Mar 21, 2024

There was just a major breakthrough in the hunt for life on Mars

Posted by in categories: alien life, innovation

The barren, dusty Red Planet was not always a lifeless mess. In fact, scientists have often theorized that Mars was once covered in vast waterways. There’s a lot of evidence to suggest that may be the case, too. However, new research involving that evidence suggests that it might not have been water that left those marks after all and that the chance of finding life on Mars is actually much slimmer than we hoped.

Mars is by far the planet that humanity has explored the most, with several rovers now having made their way across the barren surface of our neighboring planet. One of the key missions with those rovers has always been to find signs of life, or signs that life once existed on Mars. We’ve come close a couple of times, with some theorizing that NASA accidentally killed the only Martian life we’ve ever discovered on the planet.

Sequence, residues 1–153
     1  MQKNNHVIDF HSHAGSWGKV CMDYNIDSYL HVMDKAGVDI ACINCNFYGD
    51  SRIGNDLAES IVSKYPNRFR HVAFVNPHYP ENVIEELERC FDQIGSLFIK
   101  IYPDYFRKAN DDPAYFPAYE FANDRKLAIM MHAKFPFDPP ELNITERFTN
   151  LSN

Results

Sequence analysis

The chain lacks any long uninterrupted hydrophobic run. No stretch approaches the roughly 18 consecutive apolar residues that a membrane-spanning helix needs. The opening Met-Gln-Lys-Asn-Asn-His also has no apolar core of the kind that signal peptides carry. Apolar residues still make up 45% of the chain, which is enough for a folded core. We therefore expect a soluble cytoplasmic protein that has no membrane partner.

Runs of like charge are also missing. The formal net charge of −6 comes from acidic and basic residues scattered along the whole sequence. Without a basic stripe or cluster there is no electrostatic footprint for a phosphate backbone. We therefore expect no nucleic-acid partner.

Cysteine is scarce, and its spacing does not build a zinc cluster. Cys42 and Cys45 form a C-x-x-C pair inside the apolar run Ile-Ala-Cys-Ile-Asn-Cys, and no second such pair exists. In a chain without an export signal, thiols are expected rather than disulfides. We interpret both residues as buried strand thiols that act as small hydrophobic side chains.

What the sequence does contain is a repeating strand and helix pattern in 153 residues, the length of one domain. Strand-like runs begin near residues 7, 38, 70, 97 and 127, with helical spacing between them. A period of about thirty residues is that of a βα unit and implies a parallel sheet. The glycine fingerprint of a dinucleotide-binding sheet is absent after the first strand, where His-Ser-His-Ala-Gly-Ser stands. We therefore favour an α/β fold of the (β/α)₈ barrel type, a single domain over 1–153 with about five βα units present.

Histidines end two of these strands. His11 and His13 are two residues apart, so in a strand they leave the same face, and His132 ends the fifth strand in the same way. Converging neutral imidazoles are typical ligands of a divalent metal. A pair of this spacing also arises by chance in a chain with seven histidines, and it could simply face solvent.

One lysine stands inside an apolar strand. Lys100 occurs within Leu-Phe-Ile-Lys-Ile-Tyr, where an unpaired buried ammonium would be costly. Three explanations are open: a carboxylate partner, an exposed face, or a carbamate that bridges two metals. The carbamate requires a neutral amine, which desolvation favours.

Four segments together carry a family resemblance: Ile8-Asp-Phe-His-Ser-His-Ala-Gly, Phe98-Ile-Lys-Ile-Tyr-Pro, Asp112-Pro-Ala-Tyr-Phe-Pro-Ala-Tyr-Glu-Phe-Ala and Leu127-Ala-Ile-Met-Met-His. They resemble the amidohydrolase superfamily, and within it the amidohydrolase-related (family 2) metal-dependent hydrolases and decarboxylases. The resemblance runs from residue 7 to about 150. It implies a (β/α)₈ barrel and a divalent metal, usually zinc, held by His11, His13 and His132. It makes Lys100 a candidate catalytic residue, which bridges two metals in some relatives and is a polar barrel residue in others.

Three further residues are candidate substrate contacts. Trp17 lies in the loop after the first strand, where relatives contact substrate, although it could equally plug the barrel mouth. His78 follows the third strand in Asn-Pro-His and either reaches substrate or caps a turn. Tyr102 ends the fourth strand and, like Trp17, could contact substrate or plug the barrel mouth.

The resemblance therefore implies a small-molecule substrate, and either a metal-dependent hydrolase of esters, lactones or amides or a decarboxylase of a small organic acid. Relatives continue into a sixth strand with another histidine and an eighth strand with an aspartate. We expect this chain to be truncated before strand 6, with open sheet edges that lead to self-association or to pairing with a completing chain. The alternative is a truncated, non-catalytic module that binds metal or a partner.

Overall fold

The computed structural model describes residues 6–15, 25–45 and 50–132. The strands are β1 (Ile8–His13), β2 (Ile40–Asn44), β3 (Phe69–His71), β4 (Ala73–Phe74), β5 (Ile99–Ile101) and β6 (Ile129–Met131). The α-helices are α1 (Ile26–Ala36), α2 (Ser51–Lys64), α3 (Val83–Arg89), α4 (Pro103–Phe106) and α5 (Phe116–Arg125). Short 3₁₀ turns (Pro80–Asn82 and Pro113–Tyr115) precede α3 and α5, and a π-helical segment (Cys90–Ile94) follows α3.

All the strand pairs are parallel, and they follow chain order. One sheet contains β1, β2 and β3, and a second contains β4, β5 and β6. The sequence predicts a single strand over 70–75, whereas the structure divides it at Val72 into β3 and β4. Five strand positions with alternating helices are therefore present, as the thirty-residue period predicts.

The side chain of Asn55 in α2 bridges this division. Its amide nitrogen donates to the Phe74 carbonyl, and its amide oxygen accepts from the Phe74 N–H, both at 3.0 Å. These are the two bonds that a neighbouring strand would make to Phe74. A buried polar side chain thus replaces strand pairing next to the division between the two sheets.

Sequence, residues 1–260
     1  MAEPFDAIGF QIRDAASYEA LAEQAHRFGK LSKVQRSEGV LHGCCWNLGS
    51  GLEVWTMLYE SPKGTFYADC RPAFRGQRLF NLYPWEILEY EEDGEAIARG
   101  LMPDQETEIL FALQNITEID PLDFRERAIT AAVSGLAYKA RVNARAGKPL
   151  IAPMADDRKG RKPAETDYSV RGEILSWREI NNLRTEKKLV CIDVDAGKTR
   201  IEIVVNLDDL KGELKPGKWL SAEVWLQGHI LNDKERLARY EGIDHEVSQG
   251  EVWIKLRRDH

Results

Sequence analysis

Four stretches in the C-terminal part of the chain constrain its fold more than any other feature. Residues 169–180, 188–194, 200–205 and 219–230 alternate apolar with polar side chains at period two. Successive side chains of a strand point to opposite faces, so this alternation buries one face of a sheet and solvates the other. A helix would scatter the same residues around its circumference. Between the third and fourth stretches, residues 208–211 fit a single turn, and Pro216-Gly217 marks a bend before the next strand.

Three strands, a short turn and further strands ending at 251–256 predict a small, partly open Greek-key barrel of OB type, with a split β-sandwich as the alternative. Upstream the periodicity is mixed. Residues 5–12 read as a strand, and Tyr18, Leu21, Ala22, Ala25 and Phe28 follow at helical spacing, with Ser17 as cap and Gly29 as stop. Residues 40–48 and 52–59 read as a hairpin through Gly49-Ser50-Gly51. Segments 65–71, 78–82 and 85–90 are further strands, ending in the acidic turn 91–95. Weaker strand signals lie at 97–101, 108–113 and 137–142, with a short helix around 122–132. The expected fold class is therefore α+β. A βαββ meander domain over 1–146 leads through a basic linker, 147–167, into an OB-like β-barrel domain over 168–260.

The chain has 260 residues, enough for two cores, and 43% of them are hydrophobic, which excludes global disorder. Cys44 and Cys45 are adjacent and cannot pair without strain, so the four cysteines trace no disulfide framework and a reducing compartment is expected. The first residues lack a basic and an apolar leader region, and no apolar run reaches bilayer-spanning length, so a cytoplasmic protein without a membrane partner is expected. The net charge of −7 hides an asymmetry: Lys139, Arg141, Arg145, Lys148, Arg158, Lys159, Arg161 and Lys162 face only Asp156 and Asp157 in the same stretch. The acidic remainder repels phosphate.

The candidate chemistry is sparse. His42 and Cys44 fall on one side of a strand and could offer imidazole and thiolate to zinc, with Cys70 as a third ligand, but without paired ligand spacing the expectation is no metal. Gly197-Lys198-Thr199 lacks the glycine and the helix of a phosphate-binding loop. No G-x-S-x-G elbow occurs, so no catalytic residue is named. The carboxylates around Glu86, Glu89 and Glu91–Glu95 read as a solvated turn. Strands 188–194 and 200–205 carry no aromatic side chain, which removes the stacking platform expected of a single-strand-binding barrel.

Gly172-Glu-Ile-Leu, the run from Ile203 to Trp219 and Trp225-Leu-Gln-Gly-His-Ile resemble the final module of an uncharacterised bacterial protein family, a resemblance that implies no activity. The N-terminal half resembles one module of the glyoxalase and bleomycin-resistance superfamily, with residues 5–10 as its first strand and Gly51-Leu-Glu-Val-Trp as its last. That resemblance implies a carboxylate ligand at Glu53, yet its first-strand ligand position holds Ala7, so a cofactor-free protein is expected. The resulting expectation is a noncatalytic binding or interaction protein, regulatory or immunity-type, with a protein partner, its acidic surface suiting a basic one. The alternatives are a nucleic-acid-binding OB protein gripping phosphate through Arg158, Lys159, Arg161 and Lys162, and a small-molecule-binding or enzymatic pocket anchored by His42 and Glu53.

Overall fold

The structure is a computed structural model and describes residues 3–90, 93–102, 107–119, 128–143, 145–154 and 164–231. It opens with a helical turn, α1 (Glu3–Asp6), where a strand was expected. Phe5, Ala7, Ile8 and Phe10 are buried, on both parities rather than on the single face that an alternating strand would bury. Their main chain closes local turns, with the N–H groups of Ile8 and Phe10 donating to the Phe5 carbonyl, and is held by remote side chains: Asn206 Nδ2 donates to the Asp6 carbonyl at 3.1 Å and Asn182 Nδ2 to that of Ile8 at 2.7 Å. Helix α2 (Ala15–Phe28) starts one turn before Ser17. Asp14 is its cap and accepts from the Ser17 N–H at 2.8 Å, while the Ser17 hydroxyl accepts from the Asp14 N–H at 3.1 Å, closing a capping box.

Through it all, though, the hope that our chances to find life on Mars were high has relied on one key thing: the existence of water in Mars’s past. However, that watery past we believe the planet had may not have been as long or as extensive as we thought. New evidence suggests that places we thought had been carved out by water flowing through them could have actually been created by explosively evaporating carbon dioxide ice.

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